“I think a trail system that would connect Sylva and Pinnacle Park to Waterrock Knob and have connections also into Maggie Valley and into Waynesville and into Cherokee would be a huge draw for outdoor enthusiasts from all over the country,” Holman said.
In the future, maybe that would be possible. And looking ahead to the next 100 years of life with the National Park Service, there is plenty of time to dream.
Meet the players
• The Conservation Fund, 2,986 acres, acquired beginning in 2012. Conveyance complete.
• The Nature Conservancy, 1,654 acres.
• Conservation Trust for North Carolina, 370 acres, acquired beginning in 2010. Conveyance expected by the end of 2016.
• Southern Appalachian Highlands Conservancy, 319 acres.
In total, 5,329 acres are expected to be added to the Blue Ridge Parkway as Waterrock Knob Park within the next year.
What they said
“Really it’s been kind of a dream project because you seldom have the opportunity to protect such a large tract of high-elevation forest such as we have here.”
— Mark Woods, Blue Ridge Parkway superintendent
“Having the collaboration of public and private entities that are working to preserve such pristine lands for public use will have a positive impact on tourism in Jackson and Haywood counties along the Blue Ridge Parkway. Requests for more hiking and walking trails along the Parkway are common — this acquisition will enable visitors to gain access to outstanding topography and viewsheds.”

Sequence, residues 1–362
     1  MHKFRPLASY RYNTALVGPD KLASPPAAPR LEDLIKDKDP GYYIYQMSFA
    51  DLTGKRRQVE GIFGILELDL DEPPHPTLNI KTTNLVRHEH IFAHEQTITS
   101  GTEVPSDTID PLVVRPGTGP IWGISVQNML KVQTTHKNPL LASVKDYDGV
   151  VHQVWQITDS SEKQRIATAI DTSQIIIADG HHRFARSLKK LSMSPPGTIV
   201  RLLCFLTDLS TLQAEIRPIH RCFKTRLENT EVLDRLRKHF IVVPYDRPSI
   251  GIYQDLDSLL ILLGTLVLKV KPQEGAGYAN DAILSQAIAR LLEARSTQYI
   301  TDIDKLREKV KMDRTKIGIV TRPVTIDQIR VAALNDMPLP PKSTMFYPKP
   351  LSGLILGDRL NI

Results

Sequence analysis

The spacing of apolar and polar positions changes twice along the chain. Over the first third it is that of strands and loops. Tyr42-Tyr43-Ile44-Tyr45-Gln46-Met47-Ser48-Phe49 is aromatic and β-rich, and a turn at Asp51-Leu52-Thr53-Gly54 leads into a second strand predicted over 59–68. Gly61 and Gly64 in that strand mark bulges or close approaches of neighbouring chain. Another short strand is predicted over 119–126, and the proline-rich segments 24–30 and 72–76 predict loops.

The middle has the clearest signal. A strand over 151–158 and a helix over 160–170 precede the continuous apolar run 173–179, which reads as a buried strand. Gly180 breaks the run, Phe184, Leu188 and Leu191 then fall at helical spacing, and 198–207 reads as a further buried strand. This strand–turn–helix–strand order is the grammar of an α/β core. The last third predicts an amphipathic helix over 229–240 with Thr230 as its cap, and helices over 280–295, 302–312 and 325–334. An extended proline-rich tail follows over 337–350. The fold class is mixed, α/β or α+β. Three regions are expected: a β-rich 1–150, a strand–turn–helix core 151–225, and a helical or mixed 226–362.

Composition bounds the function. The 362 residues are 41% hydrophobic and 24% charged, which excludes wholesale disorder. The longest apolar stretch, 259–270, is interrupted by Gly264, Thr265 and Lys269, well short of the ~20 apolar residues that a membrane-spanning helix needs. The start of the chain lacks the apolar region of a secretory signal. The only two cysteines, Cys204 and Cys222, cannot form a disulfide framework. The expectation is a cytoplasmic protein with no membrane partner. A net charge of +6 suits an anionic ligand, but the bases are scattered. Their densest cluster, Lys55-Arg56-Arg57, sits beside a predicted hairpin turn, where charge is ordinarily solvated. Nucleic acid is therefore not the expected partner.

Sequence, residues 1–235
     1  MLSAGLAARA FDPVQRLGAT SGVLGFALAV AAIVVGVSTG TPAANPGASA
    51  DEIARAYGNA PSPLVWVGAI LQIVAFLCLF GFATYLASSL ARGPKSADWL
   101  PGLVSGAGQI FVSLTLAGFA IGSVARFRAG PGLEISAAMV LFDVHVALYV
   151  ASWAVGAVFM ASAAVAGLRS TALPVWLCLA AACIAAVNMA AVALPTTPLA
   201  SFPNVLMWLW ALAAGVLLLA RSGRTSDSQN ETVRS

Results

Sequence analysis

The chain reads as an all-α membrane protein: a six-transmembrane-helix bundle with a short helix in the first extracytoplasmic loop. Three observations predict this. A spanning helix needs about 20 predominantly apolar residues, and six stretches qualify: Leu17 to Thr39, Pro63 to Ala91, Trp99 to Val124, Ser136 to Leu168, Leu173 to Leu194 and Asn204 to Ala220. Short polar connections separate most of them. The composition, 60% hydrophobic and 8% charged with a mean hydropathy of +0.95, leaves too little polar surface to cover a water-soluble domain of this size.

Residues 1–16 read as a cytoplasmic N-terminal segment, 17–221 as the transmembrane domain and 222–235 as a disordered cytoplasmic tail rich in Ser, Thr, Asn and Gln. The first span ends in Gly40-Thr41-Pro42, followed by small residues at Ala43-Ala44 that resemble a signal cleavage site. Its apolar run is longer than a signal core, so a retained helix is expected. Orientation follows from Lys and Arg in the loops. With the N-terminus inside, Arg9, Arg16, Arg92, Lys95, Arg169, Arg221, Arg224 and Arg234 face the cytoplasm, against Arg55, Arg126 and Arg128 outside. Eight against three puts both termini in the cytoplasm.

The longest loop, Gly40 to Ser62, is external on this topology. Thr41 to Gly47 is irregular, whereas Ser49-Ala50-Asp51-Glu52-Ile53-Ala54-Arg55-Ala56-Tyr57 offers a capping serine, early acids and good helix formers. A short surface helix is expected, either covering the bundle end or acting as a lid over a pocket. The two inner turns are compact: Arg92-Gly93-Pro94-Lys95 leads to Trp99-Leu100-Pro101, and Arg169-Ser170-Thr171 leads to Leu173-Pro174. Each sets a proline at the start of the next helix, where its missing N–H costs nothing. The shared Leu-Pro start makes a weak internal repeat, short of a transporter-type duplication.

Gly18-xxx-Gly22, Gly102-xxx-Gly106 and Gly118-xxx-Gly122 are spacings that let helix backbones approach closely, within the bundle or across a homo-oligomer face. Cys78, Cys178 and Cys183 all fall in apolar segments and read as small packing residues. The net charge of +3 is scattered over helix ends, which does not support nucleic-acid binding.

— Mark Jones, Jackson County commissioner
“The Blue Ridge Parkway is one of the great American treasures and it is right here in Haywood County. The addition of these significant tracts of land adds significant value to this treasure. We are so fortunate to be able to live and work right here. I can’t wait to explore the possibilities it will provide.”
— Jack Ewing, Lake Junaluska Conference and Retreat Center director
“It is not often that such an opportunity comes for friends, neighbors and colleagues to come together in order to plan for a new addition to the National Park System. In my mind there could be no better collaboration than trying to plan a conservation and recreation area that will be enjoyed for the next 100-plus years of outdoor recreation.”
— Andrew Bowen, Maggie Valley town planner
“It’s just wonderful that there are so many generous people that will help conserve some of the lands in the Plott Balsams.”
— Lynda Sossamon, Sylva mayor